When you needed a break and felt hungry, Tokyo Comic Con had its own food court right on the main hall floor! It had a wide variety of food, from simple baked potatoes and hamburgers to elegant and expensive beef sushi. There was even Domino’s pizza! There are no chairs provided, but plenty of high tables to stand at for a bit and people watch while you enjoy your food. Most of the booths had meals for around ¥1000, so you don’t have to break the bank just to grab a bite of good food to eat. The curry we had was amazing! In the middle of the event, there was also a special DC-themed cafe with Batman and Superman burgers alongside themed drinks. The queue for it was long, but the food was definitely one-of-a-kind and ready for your Instagram or Twitter.
As we mentioned above, there’s the opportunity to meet celebrity guests as well. For an additional fee (it varies by the guest), you can have an autograph session with them or take a picture together. Tickets are limited, and while some were sold on the day, if you really want time with your favourite guest it’s better to get tickets in advance. There are no personal photos allowed in the celebrity guest area, but you never know when you might be lucky and run into someone when they’re exploring the convention. We were fortunate enough to see a very friendly Michael Rooker while he was checking out the samurai sword exhibitor! There are also a few Japanese celebrities attending as well, so if you’re a fan of Japanese films or TV, be sure to check who you can meet.
Of course, a huge part of Tokyo Comic Con is the cosplay! And despite the event only being two years old, guests really brought out their best works. The most popular things that were cosplayed at the 2017 event were Star Wars, Marvel, and DC. But there were also fans wearing cosplay from Harry Potter, Pirates of the Caribbean, Sailor Moon, Mad Max, Rick and Morty, Star Trek, Fullmetal Alchemist, and more! Tokyo Comic Con also hosted plenty of cosplay events on the main stage, from cosplay showcases to contests to fashion shows. All of them were extremely well-attended.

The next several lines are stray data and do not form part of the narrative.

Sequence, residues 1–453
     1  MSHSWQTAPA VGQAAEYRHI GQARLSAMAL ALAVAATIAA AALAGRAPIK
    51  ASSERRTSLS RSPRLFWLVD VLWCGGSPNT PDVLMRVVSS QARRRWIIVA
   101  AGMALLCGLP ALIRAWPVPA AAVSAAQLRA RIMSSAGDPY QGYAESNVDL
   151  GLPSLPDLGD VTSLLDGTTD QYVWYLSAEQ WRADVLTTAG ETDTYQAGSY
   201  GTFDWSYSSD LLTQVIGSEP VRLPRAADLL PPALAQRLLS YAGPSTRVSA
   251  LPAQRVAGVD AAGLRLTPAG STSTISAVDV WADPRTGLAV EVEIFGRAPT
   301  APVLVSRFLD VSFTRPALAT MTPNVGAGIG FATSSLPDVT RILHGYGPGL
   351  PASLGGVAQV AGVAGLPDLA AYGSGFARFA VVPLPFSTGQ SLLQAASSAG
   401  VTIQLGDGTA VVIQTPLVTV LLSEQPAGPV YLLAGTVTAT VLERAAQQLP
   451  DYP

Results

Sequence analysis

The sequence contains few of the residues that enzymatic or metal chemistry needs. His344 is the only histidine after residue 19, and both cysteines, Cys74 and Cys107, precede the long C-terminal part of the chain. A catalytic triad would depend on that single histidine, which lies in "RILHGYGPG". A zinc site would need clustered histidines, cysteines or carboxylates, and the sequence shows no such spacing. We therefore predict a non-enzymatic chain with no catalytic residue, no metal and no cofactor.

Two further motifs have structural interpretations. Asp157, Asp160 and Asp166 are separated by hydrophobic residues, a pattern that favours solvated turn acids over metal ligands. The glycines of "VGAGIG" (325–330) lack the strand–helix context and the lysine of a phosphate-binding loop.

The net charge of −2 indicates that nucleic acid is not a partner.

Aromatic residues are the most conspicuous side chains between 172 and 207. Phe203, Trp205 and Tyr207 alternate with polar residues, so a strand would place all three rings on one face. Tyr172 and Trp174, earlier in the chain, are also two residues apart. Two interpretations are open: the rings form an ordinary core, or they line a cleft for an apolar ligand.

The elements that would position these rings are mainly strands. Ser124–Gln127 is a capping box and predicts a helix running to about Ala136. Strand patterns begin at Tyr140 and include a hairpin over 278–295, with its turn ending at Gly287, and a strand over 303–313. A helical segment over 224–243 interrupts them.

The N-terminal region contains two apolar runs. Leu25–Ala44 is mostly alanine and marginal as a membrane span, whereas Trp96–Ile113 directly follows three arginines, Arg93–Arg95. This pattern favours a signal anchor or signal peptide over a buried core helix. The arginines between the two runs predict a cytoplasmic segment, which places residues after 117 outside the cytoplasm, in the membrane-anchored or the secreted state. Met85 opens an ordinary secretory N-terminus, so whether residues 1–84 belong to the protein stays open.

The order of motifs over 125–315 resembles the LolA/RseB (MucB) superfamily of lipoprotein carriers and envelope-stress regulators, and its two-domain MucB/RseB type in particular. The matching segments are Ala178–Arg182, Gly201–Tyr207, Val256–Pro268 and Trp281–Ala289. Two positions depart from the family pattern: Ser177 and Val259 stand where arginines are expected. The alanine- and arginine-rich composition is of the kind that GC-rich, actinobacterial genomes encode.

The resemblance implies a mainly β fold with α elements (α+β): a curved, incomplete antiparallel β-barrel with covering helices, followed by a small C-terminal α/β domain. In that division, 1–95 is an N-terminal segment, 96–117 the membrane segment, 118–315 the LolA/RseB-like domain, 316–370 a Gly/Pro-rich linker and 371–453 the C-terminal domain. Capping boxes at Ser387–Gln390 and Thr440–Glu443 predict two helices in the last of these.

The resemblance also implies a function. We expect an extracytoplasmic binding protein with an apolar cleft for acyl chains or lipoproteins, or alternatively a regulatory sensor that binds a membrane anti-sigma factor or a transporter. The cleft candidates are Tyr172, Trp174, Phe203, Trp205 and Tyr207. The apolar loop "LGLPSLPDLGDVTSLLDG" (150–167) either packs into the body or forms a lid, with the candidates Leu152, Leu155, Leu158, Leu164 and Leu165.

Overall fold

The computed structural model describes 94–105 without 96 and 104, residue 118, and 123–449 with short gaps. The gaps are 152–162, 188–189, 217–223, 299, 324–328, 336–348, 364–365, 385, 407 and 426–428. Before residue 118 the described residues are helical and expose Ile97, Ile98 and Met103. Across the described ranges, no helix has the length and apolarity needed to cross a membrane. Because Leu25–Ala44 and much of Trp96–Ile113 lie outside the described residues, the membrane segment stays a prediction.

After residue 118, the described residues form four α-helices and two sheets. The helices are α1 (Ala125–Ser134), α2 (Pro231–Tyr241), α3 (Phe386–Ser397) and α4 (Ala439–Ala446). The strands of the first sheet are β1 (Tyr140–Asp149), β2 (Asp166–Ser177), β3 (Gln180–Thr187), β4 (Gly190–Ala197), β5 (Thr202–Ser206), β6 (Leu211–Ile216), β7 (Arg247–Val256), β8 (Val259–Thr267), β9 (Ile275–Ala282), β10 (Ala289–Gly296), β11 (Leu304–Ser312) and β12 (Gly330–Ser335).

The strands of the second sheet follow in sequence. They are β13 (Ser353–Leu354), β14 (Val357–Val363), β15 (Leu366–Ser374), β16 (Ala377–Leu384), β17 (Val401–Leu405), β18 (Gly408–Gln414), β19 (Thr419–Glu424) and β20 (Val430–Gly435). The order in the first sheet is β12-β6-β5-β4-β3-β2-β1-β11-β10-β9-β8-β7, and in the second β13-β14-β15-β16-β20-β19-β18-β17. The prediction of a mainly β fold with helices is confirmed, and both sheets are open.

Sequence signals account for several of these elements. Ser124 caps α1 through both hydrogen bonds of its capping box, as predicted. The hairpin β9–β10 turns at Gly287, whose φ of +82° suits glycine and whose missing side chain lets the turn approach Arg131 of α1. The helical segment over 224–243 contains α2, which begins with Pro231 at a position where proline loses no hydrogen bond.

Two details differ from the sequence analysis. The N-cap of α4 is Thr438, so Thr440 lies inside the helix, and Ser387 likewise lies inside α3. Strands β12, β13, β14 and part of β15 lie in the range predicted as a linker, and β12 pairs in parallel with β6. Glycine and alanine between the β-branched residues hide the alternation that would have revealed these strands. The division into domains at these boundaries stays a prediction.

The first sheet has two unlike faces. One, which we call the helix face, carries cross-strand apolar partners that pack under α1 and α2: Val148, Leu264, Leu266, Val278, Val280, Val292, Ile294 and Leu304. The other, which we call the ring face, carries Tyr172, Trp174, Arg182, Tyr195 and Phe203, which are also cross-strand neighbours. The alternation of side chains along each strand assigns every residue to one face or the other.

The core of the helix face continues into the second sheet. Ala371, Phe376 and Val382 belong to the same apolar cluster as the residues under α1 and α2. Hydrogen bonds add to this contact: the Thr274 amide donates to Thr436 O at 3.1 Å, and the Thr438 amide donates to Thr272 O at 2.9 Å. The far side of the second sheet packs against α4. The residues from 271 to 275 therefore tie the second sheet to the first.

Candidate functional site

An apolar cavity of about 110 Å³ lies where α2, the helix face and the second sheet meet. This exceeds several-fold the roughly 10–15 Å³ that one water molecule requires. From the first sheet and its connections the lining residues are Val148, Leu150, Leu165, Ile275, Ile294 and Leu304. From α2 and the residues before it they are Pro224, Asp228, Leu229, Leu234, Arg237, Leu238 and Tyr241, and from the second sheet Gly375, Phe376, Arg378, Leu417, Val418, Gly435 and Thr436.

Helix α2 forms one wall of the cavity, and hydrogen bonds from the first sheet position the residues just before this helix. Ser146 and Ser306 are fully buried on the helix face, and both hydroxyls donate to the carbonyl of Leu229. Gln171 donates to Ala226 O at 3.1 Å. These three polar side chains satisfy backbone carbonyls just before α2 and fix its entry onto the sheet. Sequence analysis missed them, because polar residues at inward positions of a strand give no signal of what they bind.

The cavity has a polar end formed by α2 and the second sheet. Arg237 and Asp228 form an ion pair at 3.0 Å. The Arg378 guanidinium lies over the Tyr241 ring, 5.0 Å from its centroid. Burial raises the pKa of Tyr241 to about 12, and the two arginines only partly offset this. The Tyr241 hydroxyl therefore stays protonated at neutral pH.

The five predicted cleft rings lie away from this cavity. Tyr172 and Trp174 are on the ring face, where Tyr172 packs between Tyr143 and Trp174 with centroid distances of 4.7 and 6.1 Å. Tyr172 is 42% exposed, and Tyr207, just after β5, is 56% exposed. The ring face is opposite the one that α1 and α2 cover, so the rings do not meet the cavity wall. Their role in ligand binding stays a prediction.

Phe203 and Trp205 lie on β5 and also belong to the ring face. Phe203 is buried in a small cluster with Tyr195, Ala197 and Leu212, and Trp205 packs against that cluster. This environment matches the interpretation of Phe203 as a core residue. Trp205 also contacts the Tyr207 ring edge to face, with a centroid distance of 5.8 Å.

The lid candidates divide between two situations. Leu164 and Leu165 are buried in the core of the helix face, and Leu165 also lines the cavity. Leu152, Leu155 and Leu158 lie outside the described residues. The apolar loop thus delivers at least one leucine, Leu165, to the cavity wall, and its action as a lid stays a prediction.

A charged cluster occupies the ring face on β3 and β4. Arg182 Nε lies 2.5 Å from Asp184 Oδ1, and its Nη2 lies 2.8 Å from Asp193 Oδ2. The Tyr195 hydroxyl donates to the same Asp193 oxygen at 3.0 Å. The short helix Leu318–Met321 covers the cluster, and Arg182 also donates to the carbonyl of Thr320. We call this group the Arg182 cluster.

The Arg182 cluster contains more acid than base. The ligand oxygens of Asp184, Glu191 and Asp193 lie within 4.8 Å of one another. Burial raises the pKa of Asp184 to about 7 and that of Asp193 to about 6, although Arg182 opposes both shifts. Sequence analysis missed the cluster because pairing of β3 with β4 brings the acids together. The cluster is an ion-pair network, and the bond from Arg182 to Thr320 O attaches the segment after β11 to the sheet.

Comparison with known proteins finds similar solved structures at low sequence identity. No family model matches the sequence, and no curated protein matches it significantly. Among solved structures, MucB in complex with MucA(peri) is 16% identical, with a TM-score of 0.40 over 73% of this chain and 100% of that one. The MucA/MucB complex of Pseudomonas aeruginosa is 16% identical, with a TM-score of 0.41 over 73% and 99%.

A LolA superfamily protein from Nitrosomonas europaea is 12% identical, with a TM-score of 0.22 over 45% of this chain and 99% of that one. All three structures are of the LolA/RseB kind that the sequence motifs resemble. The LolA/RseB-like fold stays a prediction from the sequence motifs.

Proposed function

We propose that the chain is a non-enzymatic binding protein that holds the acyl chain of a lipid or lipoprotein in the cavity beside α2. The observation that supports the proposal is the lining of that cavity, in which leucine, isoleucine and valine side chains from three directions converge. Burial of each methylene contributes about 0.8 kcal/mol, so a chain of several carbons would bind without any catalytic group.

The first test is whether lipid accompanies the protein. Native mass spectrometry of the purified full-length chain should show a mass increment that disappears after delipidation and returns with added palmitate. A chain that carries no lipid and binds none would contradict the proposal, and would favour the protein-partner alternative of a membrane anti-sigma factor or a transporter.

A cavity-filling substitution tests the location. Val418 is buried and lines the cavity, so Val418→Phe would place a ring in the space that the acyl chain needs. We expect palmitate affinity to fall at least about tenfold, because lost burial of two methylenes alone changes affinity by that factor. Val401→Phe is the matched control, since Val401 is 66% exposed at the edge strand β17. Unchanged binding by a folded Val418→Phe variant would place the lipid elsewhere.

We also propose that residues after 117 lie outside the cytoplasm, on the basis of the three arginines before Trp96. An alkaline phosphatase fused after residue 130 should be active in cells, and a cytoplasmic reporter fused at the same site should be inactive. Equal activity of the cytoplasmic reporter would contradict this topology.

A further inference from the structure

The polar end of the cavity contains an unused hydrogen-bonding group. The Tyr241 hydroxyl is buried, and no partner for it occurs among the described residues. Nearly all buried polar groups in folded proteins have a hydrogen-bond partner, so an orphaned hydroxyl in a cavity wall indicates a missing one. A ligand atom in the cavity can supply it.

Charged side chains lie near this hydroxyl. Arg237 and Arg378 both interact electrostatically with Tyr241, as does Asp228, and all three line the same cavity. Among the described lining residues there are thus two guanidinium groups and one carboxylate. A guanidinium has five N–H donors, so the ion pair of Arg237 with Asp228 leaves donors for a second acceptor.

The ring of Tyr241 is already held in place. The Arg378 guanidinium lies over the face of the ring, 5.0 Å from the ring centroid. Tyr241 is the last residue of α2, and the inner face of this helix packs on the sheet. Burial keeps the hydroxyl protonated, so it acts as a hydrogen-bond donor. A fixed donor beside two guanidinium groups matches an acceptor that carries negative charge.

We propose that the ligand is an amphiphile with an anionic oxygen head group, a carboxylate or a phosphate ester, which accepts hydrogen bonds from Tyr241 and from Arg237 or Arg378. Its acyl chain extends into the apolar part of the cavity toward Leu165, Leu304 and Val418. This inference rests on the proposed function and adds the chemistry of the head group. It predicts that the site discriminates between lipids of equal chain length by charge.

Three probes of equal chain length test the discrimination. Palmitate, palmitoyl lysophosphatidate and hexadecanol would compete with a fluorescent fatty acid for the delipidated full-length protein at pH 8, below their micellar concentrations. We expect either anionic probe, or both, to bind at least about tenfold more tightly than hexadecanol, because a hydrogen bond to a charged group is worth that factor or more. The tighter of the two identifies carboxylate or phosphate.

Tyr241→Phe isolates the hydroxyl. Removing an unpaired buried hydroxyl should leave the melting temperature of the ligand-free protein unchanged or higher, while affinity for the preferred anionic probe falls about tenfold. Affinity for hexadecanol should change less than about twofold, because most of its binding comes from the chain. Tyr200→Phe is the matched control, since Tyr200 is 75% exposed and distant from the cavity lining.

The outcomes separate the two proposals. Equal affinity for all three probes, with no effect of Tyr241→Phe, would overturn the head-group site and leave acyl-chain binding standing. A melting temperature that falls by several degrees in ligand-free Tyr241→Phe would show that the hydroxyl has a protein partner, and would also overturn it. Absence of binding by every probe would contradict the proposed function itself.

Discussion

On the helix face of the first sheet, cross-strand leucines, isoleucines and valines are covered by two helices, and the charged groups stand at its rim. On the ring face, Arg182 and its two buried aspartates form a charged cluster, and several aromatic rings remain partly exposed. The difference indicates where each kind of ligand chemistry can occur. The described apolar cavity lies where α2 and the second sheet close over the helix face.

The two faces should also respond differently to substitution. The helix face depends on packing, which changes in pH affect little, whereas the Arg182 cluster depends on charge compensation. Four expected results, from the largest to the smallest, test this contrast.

For guests planning to cosplay at Tokyo Comic Con, it’s important to know the rules in advance. As with all cosplay events in Japan, you can’t turn up to or leave the event wearing your cosplay. You have to change into everything at the venue in the specified cosplay cloakrooms, and change out again when you prepare to go home. The cosplay changing fee is an additional ¥500, and then another ¥500 to store your bag or suitcase near the changing area. This is very standard practise at Japanese events and Tokyo Comic Con is no different, so be sure to respect it. The rest of the cosplay rules about costumes, props, and more are all available in English on the Tokyo Comic Con website. As with any event, be sure to read and understand them before making any cosplay plans!
As for just seeing cosplayers, Tokyo Comic Con had them everywhere! Many will pose for a picture for you if you simply ask, and are happy to talk about their characters or even how they made the costumes. A lot of cosplayers take advantage of the provided large backdrops to pose for awesome pictures as well. You never know when you might get the chance to grab a picture with your favourite character! The level of craftsmanship and commitment to accuracy at Tokyo Comic Con was staggering.
Tokyo Comic Con may only be two years old, but that doesn’t keep it from being a major event. With famous celebrities in attendance, cosplayers showcasing their finest skills, real movie props to see, and plenty of merchandise to buy, Comic Con is growing fast in Japan. Japanese people will always love their animation and games, but they also love Western media and there is a growing fan base for it in Tokyo. Comic Con has managed to tap into that while also appealing to foreigners, creating a fun and international event that feels very different from other Japanese conventions. And that unique feeling is what makes Tokyo Comic Con more special. Stay tuned for where the event goes in the future!
Did you get a chance to attend Tokyo Comic Con this year? How did you enjoy the event? Would you like to go someday, and what would you like to see? How does Tokyo Comic Con compare to western conventions or other Japanese events? We would love to hear all of your comments in the space below!